THE life story of the powerful Elizabethan woman who guarded Mary Queen of Scots is being rewritten after new findings emerged.

More than 240 intimate letters to and from Bess of Hardwick – who climbed from obscurity to become the second richest woman in the land behind Queen Elizabeth in the 16th century – have been uncovered by academics at Glasgow University.

The team will tomorrow launch an online resource that will provide a permanent and publicly accessible record of the letters, which show Bess in a new light.

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The new archive – developed with the help of a team at Sheffield University and funded by the Arts and Humanities Research Council – also features annotations and analysis from academic experts.

It is the first time the letters, which are currently held in 19 separate locations around the world, have been collected, transcribed, digitised and uploaded for the public to see.

Glasgow-based Dr Alison Wiggins, principal investigator on the project, said: "Previous biographers manipulated historical sources to show her in a misogynist way.

"The image that was derived from 18th-century biographers, and what is still used today, is of her being proud, furious, selfish and unfeeling. She was said to be manipulative, the worst wife a husband could ever have, a nag and not dutiful.

"But from the findings, which include letters to and from her granddaughter, her husbands, Queen Elizabeth and Mary Queen of Scots, show she was not one-sided.

"She was actually a very intelligent, very diplomatic and maternal woman."

Wiggins compared the four-year project on Bess Hardwick to the work done on Richard III, whose ruthless reputation was salvaged after historians recovered his remains in a Leicester car park.

"There has been a lot of interest recently in reclaiming historical figures," she said.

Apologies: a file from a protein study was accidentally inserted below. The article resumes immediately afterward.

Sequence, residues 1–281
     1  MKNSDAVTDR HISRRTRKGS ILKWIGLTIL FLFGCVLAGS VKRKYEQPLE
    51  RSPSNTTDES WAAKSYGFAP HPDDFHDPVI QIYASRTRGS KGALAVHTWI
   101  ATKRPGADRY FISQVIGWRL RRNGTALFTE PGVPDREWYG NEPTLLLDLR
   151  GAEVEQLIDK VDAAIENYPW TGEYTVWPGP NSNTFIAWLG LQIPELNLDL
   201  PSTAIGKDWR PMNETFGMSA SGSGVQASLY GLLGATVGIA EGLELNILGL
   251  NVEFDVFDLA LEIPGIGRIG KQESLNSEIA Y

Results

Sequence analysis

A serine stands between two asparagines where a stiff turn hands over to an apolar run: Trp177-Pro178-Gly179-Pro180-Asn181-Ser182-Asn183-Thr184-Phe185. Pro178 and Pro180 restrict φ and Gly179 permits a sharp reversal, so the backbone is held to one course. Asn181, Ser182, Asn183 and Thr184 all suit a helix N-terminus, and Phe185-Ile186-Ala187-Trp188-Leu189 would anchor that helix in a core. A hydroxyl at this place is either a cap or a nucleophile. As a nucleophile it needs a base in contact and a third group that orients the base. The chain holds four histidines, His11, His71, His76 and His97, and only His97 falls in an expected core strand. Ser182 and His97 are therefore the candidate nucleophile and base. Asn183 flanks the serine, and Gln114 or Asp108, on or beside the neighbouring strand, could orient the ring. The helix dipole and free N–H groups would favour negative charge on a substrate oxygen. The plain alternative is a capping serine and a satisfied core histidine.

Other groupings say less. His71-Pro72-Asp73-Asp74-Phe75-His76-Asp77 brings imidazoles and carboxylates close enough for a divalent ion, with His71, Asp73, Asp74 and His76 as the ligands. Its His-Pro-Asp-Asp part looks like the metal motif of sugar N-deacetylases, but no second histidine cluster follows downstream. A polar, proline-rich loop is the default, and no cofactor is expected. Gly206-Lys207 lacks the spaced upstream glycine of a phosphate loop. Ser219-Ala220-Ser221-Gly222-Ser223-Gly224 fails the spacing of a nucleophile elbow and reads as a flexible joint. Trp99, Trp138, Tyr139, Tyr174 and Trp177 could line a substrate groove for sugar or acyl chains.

"The rediscovery of Richard III's bones raised again the question of whether his reputation had been fairly gained or not.

"And the recent [National Theatre of Scotland] play Dunsinane, the sequel to Macbeth, challenged Shakespeare's version and reclaimed Macbeth and Lady Macbeth from a Scottish perspective.

"This work has now opened the door to look at the way Bess is portrayed."

Wiggins said one of the most challenging parts of the project was deciphering often illegible handwriting.

The Earl of Shrewsbury, Bess's fourth husband, was dubbed by the team to have "the worst handwriting of the 16th century".

"Her letters include instructions to servants and orders to builders, expressions of affection between husband and wife, as well as bitter marital disputes," said Wiggins. "They also have gossip from court, entreaties to the queen and her councillors, legal petitions and interventions, advice to her children and strategic marriage negotiations.

"They allow us to reposition Bess as a complex woman of her times, immersed in the literacy and textual practices of everyday life as she weaves a complex web of correspondence."

Through her lifetime, Bess became famous for building great stately homes, including Hardwick Hall and Chatsworth House.

As well as being friends with Queen Elizabeth, Bess and her fourth husband were the keepers to the captive Scots queen when she was in England between 1568 and 1584.

"Bess and the Scots queen became close because they lived together and they had no other choice," said Wiggins. "One letter shows the queen warning Bess that people are plotting against her.

"It's fascinating to see so many different sides to one person."

l The archive can be viewed at www.bessofhardwick.org